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Irish farmer jailed for killing neighbour with machinery

Michael Ferris Image copyright RTÉ
Image caption Michael Ferris's attack caused "horrific injuries" to his neighbour, said the judge

An Irish farmer has been jailed for killing a neighbour with a piece of farm machinery during a row about a device intended to scare crows.

Michael Ferris, 63, from Ratoo, near Ballyduff in County Kerry, told gardaí (Irish police) he "just snapped" before he attacked Anthony O'Mahony.

The Central Criminal Court in Dublin was told that the attack on 4 April 2017 was "gruesome" and "horrific".

Ferris was given a five-year prison sentence for manslaughter.

The farmer had been found guilty by a jury in October.

'Caused horrific injuries'

Ferris said his 73-year-old neighbour had deployed a "crow banger" for three decades and had ignored repeated requests to stop using it.

It was a gas-powered device that went off every four-and-a-half minutes, with the repetitive loud noise angering neighbours.

Image copyright RTÉ
Image caption Ferris drove his farm machinery into Mr O'Mahony's car in April last year

The defendant used an agricultural machine with a telescopic boom to block a rural road and then drove its prongs into Mr O'Mahony's car.

Irish national broadcaster RTÉ reported that at sentencing on Monday, the judge said the attack had caused "horrific injuries" to Mr O'Mahony and defied belief.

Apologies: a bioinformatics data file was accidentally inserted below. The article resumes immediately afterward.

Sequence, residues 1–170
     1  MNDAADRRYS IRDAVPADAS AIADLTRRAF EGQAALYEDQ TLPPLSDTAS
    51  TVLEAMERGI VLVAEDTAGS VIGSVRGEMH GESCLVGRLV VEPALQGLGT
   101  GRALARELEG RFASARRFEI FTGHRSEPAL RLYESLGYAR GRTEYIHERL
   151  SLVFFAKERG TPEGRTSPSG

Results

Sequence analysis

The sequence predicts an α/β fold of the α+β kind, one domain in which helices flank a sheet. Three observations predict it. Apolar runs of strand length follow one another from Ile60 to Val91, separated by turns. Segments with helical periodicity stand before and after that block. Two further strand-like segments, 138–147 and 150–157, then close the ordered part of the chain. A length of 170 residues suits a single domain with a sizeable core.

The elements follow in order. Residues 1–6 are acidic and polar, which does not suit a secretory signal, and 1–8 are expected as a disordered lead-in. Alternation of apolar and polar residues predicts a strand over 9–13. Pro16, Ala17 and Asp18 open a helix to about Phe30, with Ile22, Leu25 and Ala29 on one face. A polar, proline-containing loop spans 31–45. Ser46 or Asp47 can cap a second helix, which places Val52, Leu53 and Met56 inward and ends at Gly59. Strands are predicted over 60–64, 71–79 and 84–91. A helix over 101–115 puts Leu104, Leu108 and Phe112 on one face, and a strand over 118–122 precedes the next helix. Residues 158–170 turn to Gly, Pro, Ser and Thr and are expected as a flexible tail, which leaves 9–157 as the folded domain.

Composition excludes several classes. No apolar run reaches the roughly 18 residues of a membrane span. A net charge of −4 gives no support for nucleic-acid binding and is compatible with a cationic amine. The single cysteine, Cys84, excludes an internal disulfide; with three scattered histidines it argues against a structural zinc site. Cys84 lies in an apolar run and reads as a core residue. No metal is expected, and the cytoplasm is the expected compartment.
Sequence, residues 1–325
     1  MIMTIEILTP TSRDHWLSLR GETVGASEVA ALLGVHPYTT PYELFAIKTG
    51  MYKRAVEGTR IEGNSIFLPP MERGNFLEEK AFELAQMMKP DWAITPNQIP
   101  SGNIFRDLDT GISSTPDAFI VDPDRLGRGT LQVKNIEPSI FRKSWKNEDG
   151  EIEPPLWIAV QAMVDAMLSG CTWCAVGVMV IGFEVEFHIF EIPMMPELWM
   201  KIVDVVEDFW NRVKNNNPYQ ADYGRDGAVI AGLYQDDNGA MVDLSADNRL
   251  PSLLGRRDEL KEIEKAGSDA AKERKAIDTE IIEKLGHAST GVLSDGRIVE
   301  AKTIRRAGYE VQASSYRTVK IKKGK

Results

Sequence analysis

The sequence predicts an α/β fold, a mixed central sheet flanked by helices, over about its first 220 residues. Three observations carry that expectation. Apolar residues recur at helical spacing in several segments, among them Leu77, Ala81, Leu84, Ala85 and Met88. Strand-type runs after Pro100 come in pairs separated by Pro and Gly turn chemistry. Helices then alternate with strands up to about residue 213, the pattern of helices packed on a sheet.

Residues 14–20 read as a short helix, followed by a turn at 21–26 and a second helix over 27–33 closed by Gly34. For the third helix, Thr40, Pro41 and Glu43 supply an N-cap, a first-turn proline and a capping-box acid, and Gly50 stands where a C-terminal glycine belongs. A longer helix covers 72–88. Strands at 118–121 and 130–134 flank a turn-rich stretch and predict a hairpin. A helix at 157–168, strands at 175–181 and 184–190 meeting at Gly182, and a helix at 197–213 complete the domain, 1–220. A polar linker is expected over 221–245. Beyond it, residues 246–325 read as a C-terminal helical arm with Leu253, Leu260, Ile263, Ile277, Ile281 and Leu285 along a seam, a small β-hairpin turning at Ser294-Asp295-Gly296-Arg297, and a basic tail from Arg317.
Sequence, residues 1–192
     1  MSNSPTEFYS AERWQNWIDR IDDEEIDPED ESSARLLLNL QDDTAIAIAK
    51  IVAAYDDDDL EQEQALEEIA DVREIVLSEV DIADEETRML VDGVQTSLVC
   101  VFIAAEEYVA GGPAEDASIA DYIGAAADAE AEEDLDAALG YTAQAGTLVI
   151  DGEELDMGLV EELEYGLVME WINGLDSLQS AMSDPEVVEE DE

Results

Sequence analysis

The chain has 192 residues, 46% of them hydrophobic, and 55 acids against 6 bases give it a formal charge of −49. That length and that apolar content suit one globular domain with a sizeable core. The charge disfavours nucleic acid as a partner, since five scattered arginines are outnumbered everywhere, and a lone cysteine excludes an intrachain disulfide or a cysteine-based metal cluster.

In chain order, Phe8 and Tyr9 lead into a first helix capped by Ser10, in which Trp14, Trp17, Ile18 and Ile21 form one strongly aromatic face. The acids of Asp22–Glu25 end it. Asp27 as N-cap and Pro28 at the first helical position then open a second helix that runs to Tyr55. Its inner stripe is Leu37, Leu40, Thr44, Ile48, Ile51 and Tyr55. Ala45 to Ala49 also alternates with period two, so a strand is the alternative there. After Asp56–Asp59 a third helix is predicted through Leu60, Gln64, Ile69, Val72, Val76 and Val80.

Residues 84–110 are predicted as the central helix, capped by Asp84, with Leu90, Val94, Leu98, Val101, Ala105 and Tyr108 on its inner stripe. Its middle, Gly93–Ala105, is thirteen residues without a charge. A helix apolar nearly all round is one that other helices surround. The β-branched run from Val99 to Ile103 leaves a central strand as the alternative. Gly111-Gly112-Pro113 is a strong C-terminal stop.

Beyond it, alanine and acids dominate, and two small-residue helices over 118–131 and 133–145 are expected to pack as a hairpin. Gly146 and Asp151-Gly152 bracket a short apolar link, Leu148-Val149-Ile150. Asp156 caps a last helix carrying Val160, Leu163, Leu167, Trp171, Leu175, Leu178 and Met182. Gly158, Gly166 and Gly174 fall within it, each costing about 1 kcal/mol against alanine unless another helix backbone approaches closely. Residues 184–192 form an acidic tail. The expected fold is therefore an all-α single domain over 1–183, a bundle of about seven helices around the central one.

Ferris told police he "had to do something about" the banger and during the trial other neighbours gave evidence of the stress caused by the device over the years.

'Brutal and violent'

The judge said she would be reducing the sentence from 12 years to six in light of various factors, including Ferris's age, his clear criminal record and the fact he had immediately accepted his responsibility and apologised for his actions.

The final year of the six-year sentence will be suspended.

Outside the court, Mr O'Mahony's family reacted angrily to the "lenient" sentence, saying that their pain had been "exacerbated" by it.

"The trial was a deeply distressing and painful ordeal for our family," said his niece Ann O'Carroll.

"Our brother, uncle and friend was taken from us in the most brutal and violent way possible.

"This pain was made worse by the blackening of Anthony's good name and character during the trial when he was not there to defend himself."

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